An interview with iDJ's very own D&B reviewer, from before he became our D&B reviewer
He first really pricked up our ears with a split EP (Catatonic/Day And Night) with J2B on Plush Recordings a couple of years back, but Altered Perception has been producing drum & bass and running his Terabyte Records label for half a decade.
Over that time, he's produced a range of styles from jump-up to more minimal, techy bizniss to, most recently, liquid funk. And slowly but surely, first in Leeds and now in Bristol, the lad who hails originally from Wood Green, North London has been edging his way towards D&B's upper ranks. Not least because he's also involved in running the Alchemic Breaks, Transmission Audio and Sub:mission Audio labels.
Back in January, another EP for Plush, Your Truth, saw him developing an increasingly funk- and jazz-tinged sound, and it was at this point that, noting his newfound status as a fellow Bristol-dweller, we caught up with him over a pint at local hipster hangout The Canteen. By the time we'd finished, we'd somehow talked the producer known to the taxman as Sam Gartside into becoming our new D&B reviewer.
But before that happened, this is what he had to tell us...
Tell us a bit about how you got into making music in the first place...
"I first got into D&B aged about 15/16, because I had a mate who used to DJ on Origin FM, one of the bigger pirate stations. He used to DJ jump-up, jungle-y mid-2000s drum & bass and that really got me into it, so I picked up a copy of Reason.
"At the time I was studying at the Guildhall School Of Music & Drama. I was originally going to do jazz saxophone at university, but when I got into drum & bass that sort of went out the window. I got well into production, got a set of decks and started DJing. And then I moved up to Leeds, where one thing led to another and I started a record label called Terabyte Records with one of my schoolmates.
"Our first release was a track I'd made called Holographic Universe. That was in July 2012, but I didn't have another release for about a year or two after that, until I started making music with my mate John Imprint, who's had a couple of releases on Plush.
"We started making music together, and again one thing led to another: the Leeds D&B scene is quite tight-knit, so gigs started coming up and I started playing for nights like Jungle Jam and Central Beats. And then I just kept going from there, got some more releases together, started to get my style down a bit better, and then me and my missus both got made redundant so we decided to come to Bristol, and I've been here about 18 months now."
How would you describe your style?
"For the first four years, all I made and listened to was jump-up. The sort of techy stuff that I'm into now, I couldn't get my head around at all. I thought it all sounded the same, just weird noises and crazy bass, which ironically is sort of what I think of jump-up now! Personally I think my style is deep, dark and minimal, with a little bit of a techy edge to it?"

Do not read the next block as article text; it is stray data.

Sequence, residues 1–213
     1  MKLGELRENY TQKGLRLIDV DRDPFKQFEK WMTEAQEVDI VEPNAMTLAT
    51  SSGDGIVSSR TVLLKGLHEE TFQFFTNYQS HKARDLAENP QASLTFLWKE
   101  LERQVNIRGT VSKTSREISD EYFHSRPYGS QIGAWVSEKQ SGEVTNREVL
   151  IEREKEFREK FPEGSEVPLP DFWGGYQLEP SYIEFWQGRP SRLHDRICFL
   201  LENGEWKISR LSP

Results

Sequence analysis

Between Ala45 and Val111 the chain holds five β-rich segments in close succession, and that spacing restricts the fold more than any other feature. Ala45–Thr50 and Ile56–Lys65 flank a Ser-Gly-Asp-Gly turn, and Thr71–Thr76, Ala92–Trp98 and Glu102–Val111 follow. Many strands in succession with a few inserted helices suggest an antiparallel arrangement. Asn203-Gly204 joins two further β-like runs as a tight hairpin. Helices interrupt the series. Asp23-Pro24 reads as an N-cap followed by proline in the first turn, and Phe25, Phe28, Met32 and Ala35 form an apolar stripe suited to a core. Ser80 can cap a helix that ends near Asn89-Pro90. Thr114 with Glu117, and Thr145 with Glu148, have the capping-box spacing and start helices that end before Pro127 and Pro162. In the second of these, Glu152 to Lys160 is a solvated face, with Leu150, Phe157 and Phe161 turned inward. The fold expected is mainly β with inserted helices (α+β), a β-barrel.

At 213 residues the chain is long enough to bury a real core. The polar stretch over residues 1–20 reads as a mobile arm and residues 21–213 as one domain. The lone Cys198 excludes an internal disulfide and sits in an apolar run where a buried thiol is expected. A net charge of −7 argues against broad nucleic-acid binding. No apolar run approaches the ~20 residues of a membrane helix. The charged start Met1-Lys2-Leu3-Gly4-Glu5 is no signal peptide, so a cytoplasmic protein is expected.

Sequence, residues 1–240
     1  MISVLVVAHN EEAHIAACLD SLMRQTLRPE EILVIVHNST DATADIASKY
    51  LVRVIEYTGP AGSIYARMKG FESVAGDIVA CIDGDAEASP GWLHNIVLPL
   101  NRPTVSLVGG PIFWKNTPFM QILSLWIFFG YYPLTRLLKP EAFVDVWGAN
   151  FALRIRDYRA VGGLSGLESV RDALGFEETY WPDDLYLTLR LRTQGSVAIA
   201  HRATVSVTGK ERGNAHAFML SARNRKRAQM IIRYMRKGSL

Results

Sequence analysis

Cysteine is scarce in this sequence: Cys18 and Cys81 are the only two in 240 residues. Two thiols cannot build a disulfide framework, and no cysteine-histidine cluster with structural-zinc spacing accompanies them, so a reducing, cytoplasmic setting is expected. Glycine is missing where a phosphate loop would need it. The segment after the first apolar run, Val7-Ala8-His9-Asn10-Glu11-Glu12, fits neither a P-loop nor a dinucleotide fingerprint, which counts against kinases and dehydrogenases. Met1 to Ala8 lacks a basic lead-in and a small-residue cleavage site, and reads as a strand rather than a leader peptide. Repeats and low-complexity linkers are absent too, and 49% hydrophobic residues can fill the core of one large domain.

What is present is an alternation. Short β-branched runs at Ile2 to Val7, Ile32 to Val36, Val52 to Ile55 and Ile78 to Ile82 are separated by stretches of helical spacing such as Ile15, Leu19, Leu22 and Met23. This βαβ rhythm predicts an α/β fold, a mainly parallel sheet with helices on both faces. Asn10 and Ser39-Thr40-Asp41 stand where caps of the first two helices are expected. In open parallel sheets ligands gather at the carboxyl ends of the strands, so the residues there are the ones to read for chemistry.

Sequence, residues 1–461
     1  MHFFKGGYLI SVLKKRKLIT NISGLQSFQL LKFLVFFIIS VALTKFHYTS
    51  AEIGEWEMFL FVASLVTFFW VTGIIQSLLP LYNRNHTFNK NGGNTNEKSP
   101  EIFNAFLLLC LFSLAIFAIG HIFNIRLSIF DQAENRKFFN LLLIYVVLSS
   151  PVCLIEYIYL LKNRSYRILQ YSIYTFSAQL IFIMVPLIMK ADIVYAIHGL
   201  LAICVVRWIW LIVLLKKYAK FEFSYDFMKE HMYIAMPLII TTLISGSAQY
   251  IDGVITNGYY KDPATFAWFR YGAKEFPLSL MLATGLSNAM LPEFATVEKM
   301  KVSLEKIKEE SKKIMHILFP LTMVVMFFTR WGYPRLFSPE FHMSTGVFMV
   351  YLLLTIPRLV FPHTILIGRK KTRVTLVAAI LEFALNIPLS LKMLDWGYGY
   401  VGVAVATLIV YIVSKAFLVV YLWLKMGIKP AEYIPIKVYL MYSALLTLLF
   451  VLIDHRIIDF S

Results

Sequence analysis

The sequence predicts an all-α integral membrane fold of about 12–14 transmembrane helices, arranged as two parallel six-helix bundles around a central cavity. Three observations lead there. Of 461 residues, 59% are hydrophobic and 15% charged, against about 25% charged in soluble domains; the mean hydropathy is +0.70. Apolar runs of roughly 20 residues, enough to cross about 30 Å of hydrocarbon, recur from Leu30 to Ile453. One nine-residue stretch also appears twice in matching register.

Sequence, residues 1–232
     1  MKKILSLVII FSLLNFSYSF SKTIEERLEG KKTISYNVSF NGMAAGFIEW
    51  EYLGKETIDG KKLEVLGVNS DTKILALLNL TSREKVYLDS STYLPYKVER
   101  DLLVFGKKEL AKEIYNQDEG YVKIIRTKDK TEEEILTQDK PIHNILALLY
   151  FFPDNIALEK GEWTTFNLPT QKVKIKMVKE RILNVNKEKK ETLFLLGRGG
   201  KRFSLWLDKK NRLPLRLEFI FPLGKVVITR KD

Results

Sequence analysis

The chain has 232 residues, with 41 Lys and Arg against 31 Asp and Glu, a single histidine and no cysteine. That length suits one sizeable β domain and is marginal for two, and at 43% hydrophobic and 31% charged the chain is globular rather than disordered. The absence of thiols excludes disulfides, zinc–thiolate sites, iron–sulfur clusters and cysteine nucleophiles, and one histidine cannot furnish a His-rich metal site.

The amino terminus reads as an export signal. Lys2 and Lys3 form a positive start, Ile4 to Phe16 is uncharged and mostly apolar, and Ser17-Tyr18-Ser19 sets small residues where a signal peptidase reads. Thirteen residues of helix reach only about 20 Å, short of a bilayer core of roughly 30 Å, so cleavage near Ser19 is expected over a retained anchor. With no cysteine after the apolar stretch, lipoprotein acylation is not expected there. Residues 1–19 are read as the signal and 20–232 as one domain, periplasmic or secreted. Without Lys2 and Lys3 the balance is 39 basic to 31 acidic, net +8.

That's what I'd have said until the new EP, which seems to show a more soulful, jazzy side…
"Yeah, that's something I'd love to do more of, because that's where I come from - jazz and funk. I love Parliament, Miles Davis, John Coltrane... that's what I was brought up on. I think some of the stuff I was making before was still sort of reminiscent of jump-up, but I'm starting to try and bring in more influences now.
"Literally just before coming to meet you now I was working on a track for an EP on Automate, and that's more sort of a throwback, Metalheadz-y thing with big Dom & Roland-style breaks… not that I'm comparing myself to Dom & Roland! I'm just trying to switch it up a bit and do some different stuff. I've been listening to loads of jungle recently, like Photek, and I've just finished another EP which again is a sort of throwback to mid-90s, deeper, Movin' Shadow-type jungle."
So you're keen to dip your toe in different waters?
"Definitely, because I've been doing the same sort of thing for a while now. I've had about 45-50 releases and they're all sort of in the same vein, that kind of 2010-ish sound. That's my favourite era in D&B, sort of 2008-2013, sub-heavy minimal drum & bass. But I don't think I was a good enough producer to move out into other styles before."
You mentioned the Leeds D&B scene being quite tight-knit... what was it like moving from that to Bristol, with its long D&B heritage?
"Really cool, I like it a lot. I've not really been here long enough to get massively involved but I've had some gigs at Blue Mountain and Thekla, and again it's the same sort of thing, every time you go there it's the same sort of crowd and I might bump into an artist I've signed to Terabyte, or people that have supported my releases or they've supported my releases... it's cool, you just turn up and it's like, 'Oh, I know you from that Facebook group!'."
So it's been pretty welcoming?
"Yeah, I think the drum & bass scene is like that. Well, outside London, anyway! My first experience of it was the London scene, and that's pretty shut off - if you don't know certain people, forget it. From what I gather in the old days it was like, turn up at a rave, give the promoter a tape and if they liked the mix you could get a gig, but now it's like, 'Who are you? Altered who? Nah mate, never heard of you'. The only clubs really playing D&B now are the big places like fabric, and if you're not already involved in that scene it's really hard to penetrate it.